Full stack startups Many of today’s most exciting startups were tried before in a different form. Suppose you develop a new technology that is valuable to some industry. The old approach was to sell or license your technology to the existing companies in that industry. The new approach is to build a complete, end-to-end product or service that bypasses existing companies. Prominent examples of this “full stack” approach include Tesla, Warby Parker, Uber, Harry’s, Nest, Buzzfeed, and Netflix. Bad product experience. The full stack approach lets you bypass industry incumbents, completely control the customer experience, and capture a greater portion of the economic benefits you provide. The challenge with the full stack approach is you need to get good at many different things: software, hardware, design, consumer marketing, supply chain management, sales, partnerships, regulation, etc. My guess is we are still at the very beginning of the full stack movement.

What’s The Most Difficult CEO Skill? Managing Your Own Psychology. “It’s fucked up when your mind’s playin’ tricks on ya” —The Geto Boys By far the most difficult skill for me to learn as CEO was the ability to manage my own psychology. Organizational design, process design, metrics, hiring and firing were all relatively straightforward skills to master compared to keeping my mind in check. Over the years, I’ve spoken to hundreds of CEOs all with the same experience. Nonetheless, very few people talk about it, and I have never read anything on the topic. It’s like the fight club of management: The first rule of the CEO psychological meltdown is don’t talk about the psychological meltdown. At risk of violating the sacred rule, I will attempt to describe the condition and prescribe some techniques that helped me. If I’m Doing a Good Job, Why Do I Feel So Bad? Generally, someone doesn’t become CEOs unless she has a high sense of purpose and cares deeply about the work she does. And to rub salt into the wound and make matters worse, it’s your fault. 1. 2. 1.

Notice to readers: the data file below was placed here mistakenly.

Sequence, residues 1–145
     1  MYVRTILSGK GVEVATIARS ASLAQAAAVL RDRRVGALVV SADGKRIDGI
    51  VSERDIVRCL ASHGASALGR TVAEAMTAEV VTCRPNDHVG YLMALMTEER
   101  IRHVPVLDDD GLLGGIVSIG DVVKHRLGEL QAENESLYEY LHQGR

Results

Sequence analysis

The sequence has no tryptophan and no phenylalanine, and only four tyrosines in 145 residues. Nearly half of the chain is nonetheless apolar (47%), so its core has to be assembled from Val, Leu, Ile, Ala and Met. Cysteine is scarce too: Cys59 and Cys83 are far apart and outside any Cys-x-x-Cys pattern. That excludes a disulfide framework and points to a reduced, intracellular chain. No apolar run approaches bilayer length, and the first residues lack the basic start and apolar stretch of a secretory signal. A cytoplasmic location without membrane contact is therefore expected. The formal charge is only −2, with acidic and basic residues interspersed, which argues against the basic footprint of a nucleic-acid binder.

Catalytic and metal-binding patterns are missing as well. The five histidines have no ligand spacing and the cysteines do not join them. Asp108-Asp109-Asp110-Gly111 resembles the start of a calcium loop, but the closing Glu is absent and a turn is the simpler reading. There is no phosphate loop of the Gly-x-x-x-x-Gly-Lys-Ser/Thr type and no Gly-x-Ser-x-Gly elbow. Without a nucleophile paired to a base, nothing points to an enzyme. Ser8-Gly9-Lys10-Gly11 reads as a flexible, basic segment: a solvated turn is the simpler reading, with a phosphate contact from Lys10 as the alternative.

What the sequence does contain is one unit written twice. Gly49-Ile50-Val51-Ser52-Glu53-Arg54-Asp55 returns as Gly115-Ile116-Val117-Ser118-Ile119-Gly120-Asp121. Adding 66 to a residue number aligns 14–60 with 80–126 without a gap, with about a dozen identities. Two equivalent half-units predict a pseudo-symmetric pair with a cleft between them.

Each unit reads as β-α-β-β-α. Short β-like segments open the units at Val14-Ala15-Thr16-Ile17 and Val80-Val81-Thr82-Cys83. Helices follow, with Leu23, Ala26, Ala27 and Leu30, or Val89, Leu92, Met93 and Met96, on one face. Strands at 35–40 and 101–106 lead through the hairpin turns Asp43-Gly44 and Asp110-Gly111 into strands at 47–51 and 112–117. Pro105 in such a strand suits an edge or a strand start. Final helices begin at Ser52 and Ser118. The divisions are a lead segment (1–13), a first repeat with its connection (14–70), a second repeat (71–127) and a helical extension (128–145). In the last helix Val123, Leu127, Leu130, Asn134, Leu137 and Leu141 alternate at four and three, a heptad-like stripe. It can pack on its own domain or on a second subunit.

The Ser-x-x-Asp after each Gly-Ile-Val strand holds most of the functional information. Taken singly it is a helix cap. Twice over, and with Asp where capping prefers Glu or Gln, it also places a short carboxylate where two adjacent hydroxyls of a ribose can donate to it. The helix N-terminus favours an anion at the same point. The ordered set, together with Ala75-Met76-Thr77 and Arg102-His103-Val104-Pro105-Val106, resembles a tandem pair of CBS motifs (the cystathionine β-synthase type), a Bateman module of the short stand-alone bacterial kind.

Stigmergic systems SEO projectFuture projectsTechnical notesReferencesKemplelen Box Site map [Top] Copyright Peter Small 1995 - 2008 25 Pieces of Bullshit You Hear About Startups This list needs no explanation: 1) You need a technical co-founder. 2) We're really interested in what you're up to, but would love to see just a little more traction before we fund it. 3) No one else can do this. 4) We decided not to charge our initial customers. 5) It's easier to get funded on the west coast. 6) This is projected to be a $54 billion dollar industry by 2019. 7) Google can't do this. 8) We're oversubscribed in this round. 9) We wouldn't take $30 million if someone offered to buy us right now. 10) We only fund great entrepreneurs. 11) This accelerator is really hard to get into. 12) We're using lean startup methodology. 13) Google will have to buy us1. 14) I built that entire business for my previous company. 15) We have an agency that is going to distribute us to all the major brands, so we fully expect huge distribution and revenue in the next year. 16) We're not raising money right now. 17) We have proprietary technology. 18) We need to move fast otherwise we'll miss this opportunity.